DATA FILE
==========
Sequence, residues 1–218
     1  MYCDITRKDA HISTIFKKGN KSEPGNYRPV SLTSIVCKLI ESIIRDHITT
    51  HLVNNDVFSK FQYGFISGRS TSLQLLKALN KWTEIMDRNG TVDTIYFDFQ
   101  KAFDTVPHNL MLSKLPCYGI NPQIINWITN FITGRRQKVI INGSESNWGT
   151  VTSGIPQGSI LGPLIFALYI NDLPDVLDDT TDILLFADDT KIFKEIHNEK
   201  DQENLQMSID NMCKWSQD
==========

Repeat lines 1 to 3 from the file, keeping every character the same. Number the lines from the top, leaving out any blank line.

Sequence, residues 1–218
     1  MYCDITRKDA HISTIFKKGN KSEPGNYRPV SLTSIVCKLI ESIIRDHITT
    51  HLVNNDVFSK FQYGFISGRS TSLQLLKALN KWTEIMDRNG TVDTIYFDFQ